Because the trailer for the upcoming movie The Shack came out this week!  Super excited to see it in March.  I would rate this book as one of my top 10 books of all time.  One of those books you can come back to and reread and discover more there than the first time you read it.  There's a lot of depth to it.  Caution, the story, in part, revolves around an abducted child so it is not an easy read.  But it is very good.  I would argue that the book has to take you into the depths of the characters' pain in order to reveal truths about God and in part answer the question "why does God allow suffering in the world".  It's about forgiveness and redemption.  The book was written with the screenplay in mind, I can't wait to see how God will use it to transform people's hearts.  Here's the trailer...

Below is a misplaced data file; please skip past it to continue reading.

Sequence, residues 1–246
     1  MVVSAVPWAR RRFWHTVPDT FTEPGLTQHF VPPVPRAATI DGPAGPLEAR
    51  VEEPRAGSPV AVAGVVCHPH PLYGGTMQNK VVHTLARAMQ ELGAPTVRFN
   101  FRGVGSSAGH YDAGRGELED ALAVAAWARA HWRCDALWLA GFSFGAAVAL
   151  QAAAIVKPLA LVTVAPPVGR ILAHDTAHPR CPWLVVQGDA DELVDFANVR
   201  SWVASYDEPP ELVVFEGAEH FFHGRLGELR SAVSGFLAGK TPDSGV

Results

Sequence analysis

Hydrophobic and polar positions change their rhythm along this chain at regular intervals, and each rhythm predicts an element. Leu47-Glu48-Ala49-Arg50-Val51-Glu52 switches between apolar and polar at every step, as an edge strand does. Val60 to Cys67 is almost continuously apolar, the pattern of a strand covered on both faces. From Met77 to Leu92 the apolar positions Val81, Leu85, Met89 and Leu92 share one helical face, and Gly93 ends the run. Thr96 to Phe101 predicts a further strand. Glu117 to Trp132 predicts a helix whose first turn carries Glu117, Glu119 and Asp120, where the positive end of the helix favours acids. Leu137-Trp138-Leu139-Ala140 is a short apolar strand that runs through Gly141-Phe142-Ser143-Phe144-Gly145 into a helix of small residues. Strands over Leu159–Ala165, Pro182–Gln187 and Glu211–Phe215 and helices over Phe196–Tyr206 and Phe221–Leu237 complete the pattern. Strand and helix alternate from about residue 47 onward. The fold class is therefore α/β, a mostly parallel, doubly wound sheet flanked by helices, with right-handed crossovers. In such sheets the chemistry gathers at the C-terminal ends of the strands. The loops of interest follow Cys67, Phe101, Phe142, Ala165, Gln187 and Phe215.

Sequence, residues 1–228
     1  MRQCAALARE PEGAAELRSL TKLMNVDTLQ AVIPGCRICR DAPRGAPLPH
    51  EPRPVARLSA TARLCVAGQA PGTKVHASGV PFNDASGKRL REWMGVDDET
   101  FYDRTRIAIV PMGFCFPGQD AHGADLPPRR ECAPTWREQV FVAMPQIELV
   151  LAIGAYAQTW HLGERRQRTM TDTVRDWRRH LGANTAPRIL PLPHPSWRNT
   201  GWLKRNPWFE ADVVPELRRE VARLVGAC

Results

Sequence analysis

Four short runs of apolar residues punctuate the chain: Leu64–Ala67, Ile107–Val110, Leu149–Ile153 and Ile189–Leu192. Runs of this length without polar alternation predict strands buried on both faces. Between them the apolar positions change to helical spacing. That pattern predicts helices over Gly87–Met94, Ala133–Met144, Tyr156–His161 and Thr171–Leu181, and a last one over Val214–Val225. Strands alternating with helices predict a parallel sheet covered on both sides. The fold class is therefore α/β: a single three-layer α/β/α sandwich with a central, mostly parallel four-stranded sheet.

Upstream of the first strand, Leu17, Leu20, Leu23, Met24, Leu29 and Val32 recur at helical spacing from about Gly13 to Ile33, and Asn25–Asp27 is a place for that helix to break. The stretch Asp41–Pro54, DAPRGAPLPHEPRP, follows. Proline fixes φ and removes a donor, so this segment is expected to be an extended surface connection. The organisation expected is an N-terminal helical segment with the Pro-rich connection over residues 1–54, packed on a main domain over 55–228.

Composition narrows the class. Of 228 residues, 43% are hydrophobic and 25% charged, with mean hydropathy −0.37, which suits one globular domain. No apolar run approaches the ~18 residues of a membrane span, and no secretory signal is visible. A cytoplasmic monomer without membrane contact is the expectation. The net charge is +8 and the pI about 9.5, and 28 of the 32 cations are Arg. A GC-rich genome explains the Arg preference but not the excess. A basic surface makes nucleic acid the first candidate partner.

Enjoy your weekend!!  Much thanks, as always, to Kelly @ This Ain't the Lyceum for hosting.  Click over to check out more 7 Quick Takes.

Wednesday, November 30, 2016

How We Homeschool - High School Edition

I was looking back over old posts and realized it's been a while since I've done one of these homeschooling posts.  When I was in the trenches of teaching only elementary kids I recall dreaming about the days when homeschooling would be "easier".  When I didn't have little kids running underfoot, toddlers to entertain, babies to nurse and nap times to arrange.  When the older kids could be more independent learners...